Perioperative outcomes of esophagectomy preceded by the laparoscopic transhiatal approach for esophageal cancer

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Summary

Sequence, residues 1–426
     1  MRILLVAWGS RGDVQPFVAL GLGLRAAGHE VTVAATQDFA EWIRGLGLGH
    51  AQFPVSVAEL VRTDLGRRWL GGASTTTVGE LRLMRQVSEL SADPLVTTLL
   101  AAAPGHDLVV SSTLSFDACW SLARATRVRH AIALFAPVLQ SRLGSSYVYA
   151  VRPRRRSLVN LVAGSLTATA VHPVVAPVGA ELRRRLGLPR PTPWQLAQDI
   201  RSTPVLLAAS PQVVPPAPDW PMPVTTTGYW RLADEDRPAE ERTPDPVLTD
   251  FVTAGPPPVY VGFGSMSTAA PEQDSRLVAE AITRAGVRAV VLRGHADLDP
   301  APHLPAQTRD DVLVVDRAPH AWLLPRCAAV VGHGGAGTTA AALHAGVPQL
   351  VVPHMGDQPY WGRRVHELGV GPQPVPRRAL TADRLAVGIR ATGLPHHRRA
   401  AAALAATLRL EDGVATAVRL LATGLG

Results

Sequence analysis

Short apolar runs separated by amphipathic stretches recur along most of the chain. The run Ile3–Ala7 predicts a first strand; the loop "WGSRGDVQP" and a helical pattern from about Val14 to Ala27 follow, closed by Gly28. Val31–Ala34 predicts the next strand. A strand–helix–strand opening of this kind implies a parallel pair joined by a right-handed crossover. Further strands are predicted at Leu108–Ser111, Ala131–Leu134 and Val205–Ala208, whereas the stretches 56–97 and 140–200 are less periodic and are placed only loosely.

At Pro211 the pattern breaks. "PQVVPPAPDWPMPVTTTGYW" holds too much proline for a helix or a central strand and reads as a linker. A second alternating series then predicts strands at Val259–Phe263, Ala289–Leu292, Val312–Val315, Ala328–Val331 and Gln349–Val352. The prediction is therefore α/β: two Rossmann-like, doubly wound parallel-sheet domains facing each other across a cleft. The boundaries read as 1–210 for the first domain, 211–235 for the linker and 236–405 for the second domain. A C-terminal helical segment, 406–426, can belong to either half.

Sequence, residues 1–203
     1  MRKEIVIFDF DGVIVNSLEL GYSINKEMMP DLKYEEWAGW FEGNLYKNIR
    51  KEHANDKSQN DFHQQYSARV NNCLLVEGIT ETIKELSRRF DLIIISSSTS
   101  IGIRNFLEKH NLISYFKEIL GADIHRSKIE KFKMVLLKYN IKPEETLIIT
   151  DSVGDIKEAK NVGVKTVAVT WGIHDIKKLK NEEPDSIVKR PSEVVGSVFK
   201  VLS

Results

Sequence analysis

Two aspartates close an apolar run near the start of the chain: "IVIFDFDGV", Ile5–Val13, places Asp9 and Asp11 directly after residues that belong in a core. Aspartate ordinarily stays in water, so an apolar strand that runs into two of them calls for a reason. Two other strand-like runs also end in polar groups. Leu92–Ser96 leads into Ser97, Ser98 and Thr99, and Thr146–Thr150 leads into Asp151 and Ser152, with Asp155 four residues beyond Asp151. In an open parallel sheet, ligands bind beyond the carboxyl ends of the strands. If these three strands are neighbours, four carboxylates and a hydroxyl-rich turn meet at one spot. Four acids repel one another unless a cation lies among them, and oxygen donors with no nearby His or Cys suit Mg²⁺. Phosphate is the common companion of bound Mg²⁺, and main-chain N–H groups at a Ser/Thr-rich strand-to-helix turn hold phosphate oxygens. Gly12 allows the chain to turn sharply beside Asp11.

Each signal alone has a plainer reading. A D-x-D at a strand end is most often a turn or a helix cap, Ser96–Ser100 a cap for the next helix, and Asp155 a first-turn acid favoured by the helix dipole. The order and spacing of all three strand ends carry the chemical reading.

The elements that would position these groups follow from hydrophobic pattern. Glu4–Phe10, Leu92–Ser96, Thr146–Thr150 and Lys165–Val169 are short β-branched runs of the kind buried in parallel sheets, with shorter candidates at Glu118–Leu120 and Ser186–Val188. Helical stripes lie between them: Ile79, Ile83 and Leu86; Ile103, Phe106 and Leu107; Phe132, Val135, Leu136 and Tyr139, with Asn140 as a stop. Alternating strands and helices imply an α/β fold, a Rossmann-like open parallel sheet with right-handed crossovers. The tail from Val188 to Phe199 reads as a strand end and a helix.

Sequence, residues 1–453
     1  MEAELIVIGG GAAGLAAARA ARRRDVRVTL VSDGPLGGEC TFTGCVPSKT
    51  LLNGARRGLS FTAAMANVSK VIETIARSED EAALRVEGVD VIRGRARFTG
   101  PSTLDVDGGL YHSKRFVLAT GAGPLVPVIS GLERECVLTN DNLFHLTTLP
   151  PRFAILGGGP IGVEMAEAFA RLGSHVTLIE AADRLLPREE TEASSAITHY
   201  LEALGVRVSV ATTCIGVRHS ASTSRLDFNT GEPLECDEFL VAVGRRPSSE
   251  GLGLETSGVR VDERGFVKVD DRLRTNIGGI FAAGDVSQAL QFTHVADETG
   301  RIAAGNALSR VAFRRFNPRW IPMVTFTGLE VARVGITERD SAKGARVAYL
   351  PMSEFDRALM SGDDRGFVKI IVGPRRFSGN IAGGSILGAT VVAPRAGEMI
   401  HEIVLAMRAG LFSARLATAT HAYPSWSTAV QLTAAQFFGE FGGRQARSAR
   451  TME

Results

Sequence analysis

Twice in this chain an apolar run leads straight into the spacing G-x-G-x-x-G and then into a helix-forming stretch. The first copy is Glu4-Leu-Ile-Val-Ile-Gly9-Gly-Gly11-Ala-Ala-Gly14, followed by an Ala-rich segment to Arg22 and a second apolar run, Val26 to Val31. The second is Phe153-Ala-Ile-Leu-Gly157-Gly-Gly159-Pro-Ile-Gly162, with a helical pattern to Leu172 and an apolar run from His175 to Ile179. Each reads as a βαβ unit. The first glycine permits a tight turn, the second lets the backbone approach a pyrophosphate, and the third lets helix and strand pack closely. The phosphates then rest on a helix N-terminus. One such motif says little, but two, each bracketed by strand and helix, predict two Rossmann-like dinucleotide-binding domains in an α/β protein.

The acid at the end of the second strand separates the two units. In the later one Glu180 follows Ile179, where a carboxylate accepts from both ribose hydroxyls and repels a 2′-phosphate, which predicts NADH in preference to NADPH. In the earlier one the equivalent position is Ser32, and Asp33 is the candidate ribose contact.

This study was designed to determine the efficacy of esophagectomy preceded by the laparoscopic transhiatal approach (LTHA) with regard to the perioperative outcomes of esophageal cancer. The esophageal hiatus was opened by hand-assisted laparoscopic surgery, and carbon dioxide was introduced into the mediastinum. Dissection of the distal esophagus was performed up to the level of the tracheal bifurcation. En bloc dissection of the posterior mediastinal lymph nodes was performed using LTHA. Next, cervical lymphadenectomy, reconstruction via a retrosternal route with a gastric tube and anastomosis from a cervical approach were performed. Finally, a small thoracotomy (around 10 cm in size) was made to extract the thoracic esophagus and allow upper mediastinal lymphadenectomy to be performed. The treatment outcomes of 27 esophageal cancer patients who underwent LTHA-preceding esophagectomy were compared with those of 33 patients who underwent the transthoracic approach preceding esophagectomy without LTHA (thoracotomy; around 20 cm in size). The intrathoracic operative time and operative bleeding were significantly decreased by LTHA. The total operative time did not differ between the two groups, suggesting that the abdominal procedure was longer in the LTHA group. The number of resected lymph nodes did not differ between the two groups. Postoperative respiratory complications occurred in 18.5% of patients treated with LTHA and 30.3% of those treated without it. The increase in the number of peripheral white blood cells and the duration of thoracic drainage were significantly decreased by this method. Our surgical procedure provides a good surgical view of the posterior mediastinum, markedly shortens the intrathoracic operative time, and decreases the operative bleeding without increasing major postoperative complications.

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